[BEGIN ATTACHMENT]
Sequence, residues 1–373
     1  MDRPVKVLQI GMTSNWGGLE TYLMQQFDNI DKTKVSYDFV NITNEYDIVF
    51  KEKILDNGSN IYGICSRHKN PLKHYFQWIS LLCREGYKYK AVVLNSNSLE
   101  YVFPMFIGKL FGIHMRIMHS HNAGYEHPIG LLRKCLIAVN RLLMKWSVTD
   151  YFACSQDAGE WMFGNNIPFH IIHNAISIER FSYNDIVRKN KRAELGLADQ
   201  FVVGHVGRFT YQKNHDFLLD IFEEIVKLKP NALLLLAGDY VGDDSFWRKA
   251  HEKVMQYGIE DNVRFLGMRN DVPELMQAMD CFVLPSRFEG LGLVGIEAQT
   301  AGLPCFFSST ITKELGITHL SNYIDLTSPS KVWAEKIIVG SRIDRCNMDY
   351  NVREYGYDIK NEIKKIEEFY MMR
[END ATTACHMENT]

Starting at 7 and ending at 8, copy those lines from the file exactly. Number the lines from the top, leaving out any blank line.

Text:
   251  HEKVMQYGIE DNVRFLGMRN DVPELMQAMD CFVLPSRFEG LGLVGIEAQT
   301  AGLPCFFSST ITKELGITHL SNYIDLTSPS KVWAEKIIVG SRIDRCNMDY